I really don't know what else I need to put here: People love them some Daft Punk. I'm not sure if it's the music, or the fact that the two dudes wear the kinds of outfits that make San Diego Comic Con cosplayers look like low-budget Halloween costumes, but Daft Punk causes some severe reactions in music fans.
Anyway, if you want to listen to some sweet, sweet Daft Punk-ing, check out iTunes.
In news that's sure to be great for another industry that's circling the drain, the Recording Industry Association of America has decided to join in with the times and include song streams as part of their certification process for gold and platinum records.
The last time the RIAA altered its methodology was in 2006, when it added master ringtones. Two years before that, the organization began counting digital downloads. And prior to that, CDs and cassette tapes were added to the mix. Otherwise, the formula for Gold and Platinum certifications remained largely untouched — 500,000 unit sales for Gold, 1 million for Platinum and 10 million for Diamond.
Among the on-demand streaming services the RIAA will accept are MOG, Muve Music, Rdio, Rhapsody, Slacker, Spotify, Xbox Music and others. In addition, video streams from MTV.com, VEVO, Yahoo! Music and YouTube will also count. Under the new formula, the RIAA will distribute awards to 56 new titles, including 30 Seconds To Mars’s “This Is War,” Emeli Sandé's "Next To Me," and Cher Lloyd's "Oath," Thursday night at the National Association of Recording Merchandisers' annual Musiz Biz conference in Los Angeles.
We're thinking Ira Kaplan must have to replace three or four guitars after every tour. He gives new meaning to the term "shredding" with a claw-hammer strum attack and a swing that threatens amps into yet better, bigger and more feedback as he heaps layers of chaos onto the unshakeable constancy of Georgia Hubley's beats and James McNew's chords.
What a show Monday night at the Rialto! Although most songs were from the new CD Fade, the band interrupted their set to accommodate a fan calling for "You Can Have It All" from 2000's And Then Nothing Turned Itself Inside Out and, in the encore, "Tom Courteney" from 1995's Electro-Pura. "Autumn Sweater" from 1997's I Can Hear the Heart Beating as One also made the playlist. See the setlist below.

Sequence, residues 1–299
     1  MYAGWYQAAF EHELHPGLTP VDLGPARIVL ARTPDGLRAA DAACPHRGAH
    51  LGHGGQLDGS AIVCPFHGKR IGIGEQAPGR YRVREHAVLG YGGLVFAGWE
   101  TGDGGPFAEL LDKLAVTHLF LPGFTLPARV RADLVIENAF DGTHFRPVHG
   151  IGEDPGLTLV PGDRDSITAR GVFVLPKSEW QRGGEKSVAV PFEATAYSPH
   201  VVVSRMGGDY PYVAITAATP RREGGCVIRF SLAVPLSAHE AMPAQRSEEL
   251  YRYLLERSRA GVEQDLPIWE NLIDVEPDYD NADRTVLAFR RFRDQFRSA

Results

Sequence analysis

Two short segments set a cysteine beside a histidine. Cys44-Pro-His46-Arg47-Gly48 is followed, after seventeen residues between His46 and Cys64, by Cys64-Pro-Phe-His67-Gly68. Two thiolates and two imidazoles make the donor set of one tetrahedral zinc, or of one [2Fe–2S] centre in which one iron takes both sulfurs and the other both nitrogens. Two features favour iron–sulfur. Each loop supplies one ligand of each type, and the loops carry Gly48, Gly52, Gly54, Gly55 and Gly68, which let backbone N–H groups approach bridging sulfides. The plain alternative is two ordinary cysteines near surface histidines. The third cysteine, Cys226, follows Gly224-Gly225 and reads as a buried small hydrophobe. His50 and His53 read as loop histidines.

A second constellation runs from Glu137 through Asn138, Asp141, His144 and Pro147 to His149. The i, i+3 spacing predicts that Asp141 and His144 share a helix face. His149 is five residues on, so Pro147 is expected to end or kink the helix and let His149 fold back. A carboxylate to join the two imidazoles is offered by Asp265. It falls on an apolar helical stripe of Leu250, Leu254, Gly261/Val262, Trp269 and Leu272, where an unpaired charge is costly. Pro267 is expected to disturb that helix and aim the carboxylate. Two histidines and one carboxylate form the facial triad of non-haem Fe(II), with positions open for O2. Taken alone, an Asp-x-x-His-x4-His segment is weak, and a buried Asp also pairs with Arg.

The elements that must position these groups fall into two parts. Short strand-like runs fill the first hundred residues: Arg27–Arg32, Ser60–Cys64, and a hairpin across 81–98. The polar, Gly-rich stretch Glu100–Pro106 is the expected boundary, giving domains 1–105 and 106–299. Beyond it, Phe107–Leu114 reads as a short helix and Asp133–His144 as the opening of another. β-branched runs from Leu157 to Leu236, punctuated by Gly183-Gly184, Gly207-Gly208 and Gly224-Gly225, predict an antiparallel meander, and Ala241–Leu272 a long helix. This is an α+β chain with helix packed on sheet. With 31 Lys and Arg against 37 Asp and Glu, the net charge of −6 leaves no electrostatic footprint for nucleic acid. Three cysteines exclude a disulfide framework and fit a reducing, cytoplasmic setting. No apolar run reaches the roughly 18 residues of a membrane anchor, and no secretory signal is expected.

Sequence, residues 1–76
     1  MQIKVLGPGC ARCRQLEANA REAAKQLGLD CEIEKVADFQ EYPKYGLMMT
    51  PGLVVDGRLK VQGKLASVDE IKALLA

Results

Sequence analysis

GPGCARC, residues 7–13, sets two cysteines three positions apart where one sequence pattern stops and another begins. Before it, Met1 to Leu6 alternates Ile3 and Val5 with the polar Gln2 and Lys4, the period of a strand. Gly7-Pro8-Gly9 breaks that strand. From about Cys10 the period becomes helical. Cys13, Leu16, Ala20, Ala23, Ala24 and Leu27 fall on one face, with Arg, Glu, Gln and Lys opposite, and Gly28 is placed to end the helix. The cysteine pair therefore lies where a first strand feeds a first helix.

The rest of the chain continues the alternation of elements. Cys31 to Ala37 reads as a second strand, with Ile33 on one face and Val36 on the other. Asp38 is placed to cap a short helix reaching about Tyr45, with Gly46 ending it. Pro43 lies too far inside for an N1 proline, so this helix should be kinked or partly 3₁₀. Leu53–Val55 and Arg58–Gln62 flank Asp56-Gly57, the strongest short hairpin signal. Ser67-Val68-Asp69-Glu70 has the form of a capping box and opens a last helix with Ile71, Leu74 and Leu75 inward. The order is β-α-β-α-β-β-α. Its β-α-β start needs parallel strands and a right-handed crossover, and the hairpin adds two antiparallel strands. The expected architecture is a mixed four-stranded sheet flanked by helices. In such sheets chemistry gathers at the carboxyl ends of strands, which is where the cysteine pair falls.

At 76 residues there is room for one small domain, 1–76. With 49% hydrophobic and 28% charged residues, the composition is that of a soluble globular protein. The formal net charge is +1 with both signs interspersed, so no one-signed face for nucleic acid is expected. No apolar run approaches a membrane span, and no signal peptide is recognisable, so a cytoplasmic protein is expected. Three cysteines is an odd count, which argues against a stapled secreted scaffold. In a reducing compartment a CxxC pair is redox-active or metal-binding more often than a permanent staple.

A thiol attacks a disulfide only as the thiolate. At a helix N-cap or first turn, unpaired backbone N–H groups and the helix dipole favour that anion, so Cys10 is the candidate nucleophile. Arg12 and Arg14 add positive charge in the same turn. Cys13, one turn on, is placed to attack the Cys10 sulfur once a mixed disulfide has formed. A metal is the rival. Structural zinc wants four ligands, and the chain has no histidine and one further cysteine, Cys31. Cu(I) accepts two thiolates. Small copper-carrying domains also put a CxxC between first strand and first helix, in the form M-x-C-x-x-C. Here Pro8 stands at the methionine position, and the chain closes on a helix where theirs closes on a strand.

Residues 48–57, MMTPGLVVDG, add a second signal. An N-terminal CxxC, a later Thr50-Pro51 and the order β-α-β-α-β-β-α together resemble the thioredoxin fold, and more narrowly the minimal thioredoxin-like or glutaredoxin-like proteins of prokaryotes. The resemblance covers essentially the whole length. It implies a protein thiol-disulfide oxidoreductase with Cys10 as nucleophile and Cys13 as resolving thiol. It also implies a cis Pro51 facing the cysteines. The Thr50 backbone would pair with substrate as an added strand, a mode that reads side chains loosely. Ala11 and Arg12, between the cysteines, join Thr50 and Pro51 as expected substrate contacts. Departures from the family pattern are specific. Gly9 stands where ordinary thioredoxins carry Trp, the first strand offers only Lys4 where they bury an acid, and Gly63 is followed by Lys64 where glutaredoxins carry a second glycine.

"I Appear Missing" is the first release off of Queens of the Stone Age's forthcoming release Like Clockwork, set to be released June 6 — and I'm pumped, if only because Dave Grohl returned to lay down the drums for this album, which is cool in its own right. Bigger to me, though, is that I'm of the opinion that everything Grohl and QOTSA frontman Josh Homme collaborate on (QOTSA album Songs for the Deaf, Them Crooked Vultures, "Centipede" off of the Sound City soundtrack) turns into gold.
Interestingly enough, this is a truncated version of the full song, as the video features about half of the six-minute-long album cut.
So, if you really dig hip-hop, you might be familiar with Jay Electronica (also known as Jay ElecHanukkah, or Jay ElecYarmulke, or Jay ElectRamadaan Muhammad Asalaamica RasoulAllah Subhanahu wa ta'ala — if you're taking stock in his verse from "Exhibit C") — either because he exploded your mind with "Eternal Sunshine," "Exhibit A" and/or "Exhibit C"; because he's got a kid with Erykah Badu; or because his debut album will never come out, no matter how bad you want it to.
Well, now he's got a new claim to fame: breaking up the marriage of British bank heiress and record mogul Kate Rothschild to British bank heir Ben Goldsmith.
From The Telegraph:
Today, nine months after splitting from Ben Goldsmith and blaming it on the fact that they were “children” when they met, Miss Rothschild has finally admitted she was unfaithful.
Their eight year marriage was one of 25 ended in just under a minute at London’s High Court, with no mention made of how they would split their multi million pound fortune.
Mr Goldsmith, son of billionaire financier Sir James Goldsmith, found it “intolerable” to live with his wife after the affair, which formed the grounds for the divorce, the papers reveal.
In a later tweet relating to rumours surrounding her relationship with the New Orleans rapper the heiress wrote: “As for Jay Electronica…he saved my life in many ways and I am eternally grateful to him.”
Miss Rothschild also claimed in an interview that her love for the hip-hop star —with whom she “just connected” - was not the reason her marriage hit the rocks, instead blaming the fact they were “children” when they got together.